Others have tried, but no one may be in better position to blaze a new trail for NFL players than Seahawks quarterback Russell Wilson. And the time has come for someone to sign a contract that ties his future pay not to specific dollars but to a percentage of the ever-growing cap.
It’s arguably overdue for a high-end player to achieve protection against the inevitable contract-hopping that happens as the salary cap climbs and, in turn, the market increases. With, as of 2013, the cap embarking on a $10 million-or-more annual jump, long-term deals quickly became obsolete.
That’s precisely why Wilson currently is so underpaid. When signing his latest contract, with a new-money average of $21.9 million per year, Packers quarterback Aaron Rodgers had the top spot at $22 million. Eventually, along came Andrew Luck ($24.5 million) and Derek Carr ($25 million) and Matthew Stafford ($27 million) and Jimmy Garoppolo ($27.5 million) and Kirk Cousins ($28 million) and Matt Ryan ($30 million) before Rodgers pushed the bar to $33.5 million.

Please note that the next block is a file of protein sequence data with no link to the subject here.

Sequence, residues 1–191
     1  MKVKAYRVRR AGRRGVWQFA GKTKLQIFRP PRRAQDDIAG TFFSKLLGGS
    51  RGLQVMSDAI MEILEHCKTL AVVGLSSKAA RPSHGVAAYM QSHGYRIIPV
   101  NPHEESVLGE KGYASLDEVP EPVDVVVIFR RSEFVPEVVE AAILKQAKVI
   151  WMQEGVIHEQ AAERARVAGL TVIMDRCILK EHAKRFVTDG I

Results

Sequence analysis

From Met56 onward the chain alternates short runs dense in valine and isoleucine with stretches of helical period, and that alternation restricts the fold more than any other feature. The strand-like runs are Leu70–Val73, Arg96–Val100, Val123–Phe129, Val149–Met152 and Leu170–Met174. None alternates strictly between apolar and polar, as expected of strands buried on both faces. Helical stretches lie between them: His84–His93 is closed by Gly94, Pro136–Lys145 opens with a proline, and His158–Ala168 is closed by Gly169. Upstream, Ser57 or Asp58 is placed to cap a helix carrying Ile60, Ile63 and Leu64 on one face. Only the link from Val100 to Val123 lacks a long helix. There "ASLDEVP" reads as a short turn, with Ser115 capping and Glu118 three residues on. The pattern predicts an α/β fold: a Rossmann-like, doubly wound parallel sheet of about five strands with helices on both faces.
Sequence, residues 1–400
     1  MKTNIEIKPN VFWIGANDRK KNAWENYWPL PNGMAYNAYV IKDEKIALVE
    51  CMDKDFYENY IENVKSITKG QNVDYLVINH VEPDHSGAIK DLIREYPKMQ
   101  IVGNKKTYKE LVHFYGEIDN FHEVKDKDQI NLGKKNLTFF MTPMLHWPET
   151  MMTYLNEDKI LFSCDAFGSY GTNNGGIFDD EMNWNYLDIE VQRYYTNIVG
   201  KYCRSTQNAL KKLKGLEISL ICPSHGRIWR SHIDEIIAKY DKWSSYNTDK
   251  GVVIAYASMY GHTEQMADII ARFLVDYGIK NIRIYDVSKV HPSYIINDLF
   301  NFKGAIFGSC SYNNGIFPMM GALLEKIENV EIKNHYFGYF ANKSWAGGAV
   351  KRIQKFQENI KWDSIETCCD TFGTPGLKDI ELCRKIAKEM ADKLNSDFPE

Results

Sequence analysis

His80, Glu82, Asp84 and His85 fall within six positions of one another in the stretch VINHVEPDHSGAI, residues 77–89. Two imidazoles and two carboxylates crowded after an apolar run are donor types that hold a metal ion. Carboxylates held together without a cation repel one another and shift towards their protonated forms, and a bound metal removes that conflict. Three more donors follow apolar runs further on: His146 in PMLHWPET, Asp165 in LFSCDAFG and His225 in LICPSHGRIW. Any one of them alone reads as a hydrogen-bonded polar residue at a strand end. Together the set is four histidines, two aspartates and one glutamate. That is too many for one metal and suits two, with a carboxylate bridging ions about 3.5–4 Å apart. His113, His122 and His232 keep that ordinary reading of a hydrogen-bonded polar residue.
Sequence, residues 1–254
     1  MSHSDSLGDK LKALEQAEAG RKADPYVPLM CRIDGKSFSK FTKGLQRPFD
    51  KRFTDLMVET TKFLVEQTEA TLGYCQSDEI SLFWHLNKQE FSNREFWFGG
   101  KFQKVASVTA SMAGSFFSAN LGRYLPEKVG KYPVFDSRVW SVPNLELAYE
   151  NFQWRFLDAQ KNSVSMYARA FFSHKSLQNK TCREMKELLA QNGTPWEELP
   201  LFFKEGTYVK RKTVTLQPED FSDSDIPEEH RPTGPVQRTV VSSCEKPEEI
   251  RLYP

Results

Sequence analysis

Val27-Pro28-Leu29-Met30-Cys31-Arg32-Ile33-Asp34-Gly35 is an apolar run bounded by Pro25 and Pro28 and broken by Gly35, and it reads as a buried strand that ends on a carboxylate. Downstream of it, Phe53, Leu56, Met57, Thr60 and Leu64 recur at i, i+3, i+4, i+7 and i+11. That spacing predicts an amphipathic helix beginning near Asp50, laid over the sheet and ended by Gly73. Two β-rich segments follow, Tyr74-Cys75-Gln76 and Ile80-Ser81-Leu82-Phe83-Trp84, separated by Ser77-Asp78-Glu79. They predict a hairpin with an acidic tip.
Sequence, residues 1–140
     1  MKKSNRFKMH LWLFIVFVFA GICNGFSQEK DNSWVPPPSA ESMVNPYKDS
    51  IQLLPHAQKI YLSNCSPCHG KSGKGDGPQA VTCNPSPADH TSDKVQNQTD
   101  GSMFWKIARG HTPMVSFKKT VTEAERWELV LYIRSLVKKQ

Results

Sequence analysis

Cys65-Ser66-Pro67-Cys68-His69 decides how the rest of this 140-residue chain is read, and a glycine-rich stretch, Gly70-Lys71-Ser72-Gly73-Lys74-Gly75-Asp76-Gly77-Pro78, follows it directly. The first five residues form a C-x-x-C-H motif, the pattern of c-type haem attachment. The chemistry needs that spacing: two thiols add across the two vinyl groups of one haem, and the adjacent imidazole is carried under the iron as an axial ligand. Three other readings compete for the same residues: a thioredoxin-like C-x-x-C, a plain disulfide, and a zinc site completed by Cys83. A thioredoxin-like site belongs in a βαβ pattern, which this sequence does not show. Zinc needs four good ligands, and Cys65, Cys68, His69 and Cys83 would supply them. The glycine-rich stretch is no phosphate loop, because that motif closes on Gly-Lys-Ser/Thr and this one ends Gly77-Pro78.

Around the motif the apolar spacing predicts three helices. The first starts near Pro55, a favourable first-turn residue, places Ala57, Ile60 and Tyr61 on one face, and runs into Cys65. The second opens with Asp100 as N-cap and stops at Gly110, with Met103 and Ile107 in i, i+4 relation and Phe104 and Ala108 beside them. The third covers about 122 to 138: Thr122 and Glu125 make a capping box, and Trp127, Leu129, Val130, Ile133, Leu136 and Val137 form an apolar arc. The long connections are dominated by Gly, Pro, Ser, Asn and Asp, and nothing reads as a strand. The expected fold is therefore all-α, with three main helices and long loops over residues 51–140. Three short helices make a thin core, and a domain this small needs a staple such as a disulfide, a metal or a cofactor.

Wilson, entering the final year of a four-year extension, must now worry about the same dynamic playing out, in the event he puts his hand one spot higher on an upside-down baseball bat that never quite allows anyone to curl his thumb over the knob. Complicating matters for Wilson is the uncertainty over the multiple sources of potential cap spikes, from a new labor deal to new TV deals to new states embracing gambling — and the NFL turning those expanded gambling pools into new revenue streams.
If the Seahawks want to avoid embarking on a year-to-year franchise-tag dance with Wilson, which would culminate in a one-year tender of $52.43 million in 2022, they likely will need to be willing to give Wilson insurance against spikes in the cap and, in turn, growth in the market that could result in players like Deshaun Watson, Patrick Mahomes, and Baker Mayfield leapfrogging Wilson while he works through the years of his third NFL deal.
With the deadline for doing a long-term deal one day away, that’s the wrinkle to watch. Unless the Seahawks are willing to dramatically exceed the current market maximum in hard dollars, it’s going to take a percentage of the cap to get this done.